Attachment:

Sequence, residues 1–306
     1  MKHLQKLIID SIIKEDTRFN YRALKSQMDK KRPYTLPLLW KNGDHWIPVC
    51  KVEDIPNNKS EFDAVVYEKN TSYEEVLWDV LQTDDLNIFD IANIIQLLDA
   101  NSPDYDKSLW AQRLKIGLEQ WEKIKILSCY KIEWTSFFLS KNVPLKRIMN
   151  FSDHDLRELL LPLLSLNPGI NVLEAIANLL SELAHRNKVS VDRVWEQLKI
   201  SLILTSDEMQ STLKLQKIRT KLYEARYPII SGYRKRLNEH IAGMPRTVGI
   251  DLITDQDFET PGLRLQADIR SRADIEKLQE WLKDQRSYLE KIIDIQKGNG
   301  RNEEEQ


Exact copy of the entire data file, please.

Sequence, residues 1–306
     1  MKHLQKLIID SIIKEDTRFN YRALKSQMDK KRPYTLPLLW KNGDHWIPVC
    51  KVEDIPNNKS EFDAVVYEKN TSYEEVLWDV LQTDDLNIFD IANIIQLLDA
   101  NSPDYDKSLW AQRLKIGLEQ WEKIKILSCY KIEWTSFFLS KNVPLKRIMN
   151  FSDHDLRELL LPLLSLNPGI NVLEAIANLL SELAHRNKVS VDRVWEQLKI
   201  SLILTSDEMQ STLKLQKIRT KLYEARYPII SGYRKRLNEH IAGMPRTVGI
   251  DLITDQDFET PGLRLQADIR SRADIEKLQE WLKDQRSYLE KIIDIQKGNG
   301  RNEEEQ